Limits...
Haptic-motor transformations for the control of finger position.

Shibata D, Choi JY, Laitano JC, Santello M - PLoS ONE (2013)

Bottom Line: We hypothesized that matching error (reference hand dy minus test hand dy ) would be greater (a) for collinear than non-collinear dy s, (b) when reference and test hand postures were not congruent, and (c) when subjects reproduced dy using the opposite hand.Our results confirmed our hypotheses.These findings indicate that perceived finger pad distance is reproduced less accurately (1) with the opposite than the same hand and (2) when higher-level processing of the somatosensory feedback is required for non-congruent hand postures.

View Article: PubMed Central - PubMed

Affiliation: Kinesiology Program, College of Health Solutions, Arizona State University, Tempe, Arizona, United States of America.

ABSTRACT
Dexterous manipulation relies on modulation of digit forces as a function of digit placement. However, little is known about the sense of position of the vertical distance between finger pads relative to each other. We quantified subjects' ability to match perceived vertical distance between the thumb and index finger pads (dy ) of the right hand ("reference" hand) using the same or opposite hand ("test" hand) after a 10-second delay without vision of the hands. The reference hand digits were passively placed non-collinearly so that the thumb was higher or lower than the index finger (dy  = 30 or -30 mm, respectively) or collinearly (dy  = 0 mm). Subjects reproduced reference hand dy by using a congruent or inverse test hand posture while exerting negligible digit forces onto a handle. We hypothesized that matching error (reference hand dy minus test hand dy ) would be greater (a) for collinear than non-collinear dy s, (b) when reference and test hand postures were not congruent, and (c) when subjects reproduced dy using the opposite hand. Our results confirmed our hypotheses. Under-estimation errors were produced when the postures of reference and test hand were not congruent, and when test hand was the opposite hand. These findings indicate that perceived finger pad distance is reproduced less accurately (1) with the opposite than the same hand and (2) when higher-level processing of the somatosensory feedback is required for non-congruent hand postures. We propose that erroneous sensing of finger pad distance, if not compensated for during contact and onset of manipulation, might lead to manipulation performance errors as digit forces have to be modulated to perceived digit placement.

Show MeSH

Related in: MedlinePlus

Absolute error: average data.Absolute errors were compared across reference hand dys, postures, hands, and matching conditions. Panel A shows average absolute error for symmetric and asymmetric conditions (black and gray bars, respectively) across reference hand dys. Panel B, left, shows average absolute error for symmetric and asymmetric conditions (black and gray bars, respectively) as a function of hand posture (Sym, Asym: Symmetric and Asymmetric conditions, respectively). Panel B, right, shows average absolute error when reference and test hand differed or were the same (Oppo, Same: Opposite and Same conditions, respectively). Panel C shows absolute error averaged for each condition. For all panels, absolute errors were averaged across all subjects within the given comparisons groups (±SE). The asterisks denote significant difference (p<0.05) between the symmetric and asymmetric conditions.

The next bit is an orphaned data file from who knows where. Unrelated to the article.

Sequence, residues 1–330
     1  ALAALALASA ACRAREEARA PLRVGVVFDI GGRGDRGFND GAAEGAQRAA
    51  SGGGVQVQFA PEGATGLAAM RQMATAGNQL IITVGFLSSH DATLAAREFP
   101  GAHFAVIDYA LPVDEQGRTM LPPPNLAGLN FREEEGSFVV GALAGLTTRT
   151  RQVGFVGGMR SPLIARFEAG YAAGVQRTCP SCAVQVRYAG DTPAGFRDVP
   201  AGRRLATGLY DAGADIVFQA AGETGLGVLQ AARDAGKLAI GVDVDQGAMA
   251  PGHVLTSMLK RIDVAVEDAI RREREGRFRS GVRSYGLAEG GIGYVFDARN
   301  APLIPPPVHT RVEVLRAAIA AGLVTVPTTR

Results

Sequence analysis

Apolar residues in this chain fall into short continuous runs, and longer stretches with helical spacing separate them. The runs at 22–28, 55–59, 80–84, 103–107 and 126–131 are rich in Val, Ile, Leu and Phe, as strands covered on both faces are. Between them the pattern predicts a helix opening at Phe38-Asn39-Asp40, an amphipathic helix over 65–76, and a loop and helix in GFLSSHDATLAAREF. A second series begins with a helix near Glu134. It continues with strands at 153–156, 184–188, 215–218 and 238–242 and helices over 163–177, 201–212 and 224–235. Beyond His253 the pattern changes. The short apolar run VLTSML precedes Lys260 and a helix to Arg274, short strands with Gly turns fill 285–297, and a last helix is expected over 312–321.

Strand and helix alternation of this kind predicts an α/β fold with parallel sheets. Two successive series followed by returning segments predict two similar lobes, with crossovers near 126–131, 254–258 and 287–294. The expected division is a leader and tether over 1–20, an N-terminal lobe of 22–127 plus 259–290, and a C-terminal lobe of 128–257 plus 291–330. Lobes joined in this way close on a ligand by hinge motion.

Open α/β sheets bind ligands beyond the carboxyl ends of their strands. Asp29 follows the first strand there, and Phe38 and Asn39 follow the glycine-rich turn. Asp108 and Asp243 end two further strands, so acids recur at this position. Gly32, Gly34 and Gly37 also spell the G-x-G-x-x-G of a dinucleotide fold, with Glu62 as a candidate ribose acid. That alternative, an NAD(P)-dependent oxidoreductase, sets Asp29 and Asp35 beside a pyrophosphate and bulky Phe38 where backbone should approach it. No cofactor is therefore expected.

© Copyright Policy
Related In: Results  -  Collection


getmorefigures.php?uid=PMC3675141&req=5

pone-0066140-g004: Absolute error: average data.Absolute errors were compared across reference hand dys, postures, hands, and matching conditions. Panel A shows average absolute error for symmetric and asymmetric conditions (black and gray bars, respectively) across reference hand dys. Panel B, left, shows average absolute error for symmetric and asymmetric conditions (black and gray bars, respectively) as a function of hand posture (Sym, Asym: Symmetric and Asymmetric conditions, respectively). Panel B, right, shows average absolute error when reference and test hand differed or were the same (Oppo, Same: Opposite and Same conditions, respectively). Panel C shows absolute error averaged for each condition. For all panels, absolute errors were averaged across all subjects within the given comparisons groups (±SE). The asterisks denote significant difference (p<0.05) between the symmetric and asymmetric conditions.

Mentions: Greater absolute error in the collinear than non-collinear dy was observed in both symmetric and asymmetric matching conditions (black and gray bars, Fig. 4A). Three-way ANOVA confirmed that absolute error was significantly greater in the collinear than non-collinear conditions (12.6±0.9 mm for dy = 0 mm; 9.0±0.9 mm for dy = −30 mm; 8.8±0.7 for dy = 30 mm; main effect of Distance: F[2,28] = 10.8; p<0.01; Fig. 4A), and in the asymmetric than symmetric condition (12.0 ±0.9 mm and 8.3±0.5 mm, respectively; main effect of Posture: F[1,14] = 26.5; p<0.01; Fig. 4B, left). We also found a significant interaction Posture × Distance (7.1±0.8 mm for Symmetric at dy = −30 mm; 9.6±1.0 mm for Symmetric at dy = 0 mm; 8.1±0.7 mm for Symmetric at dy = 30 mm; 10.8±1.1 mm for Asymmetric at dy = −30 mm; 15.5±1.4 mm for Asymmetric at dy = 0 mm; 9.6±1.0 mm for Asymmetric at dy = 30 mm; F[2,28] = 4.02; p<0.05; Fig. 4A).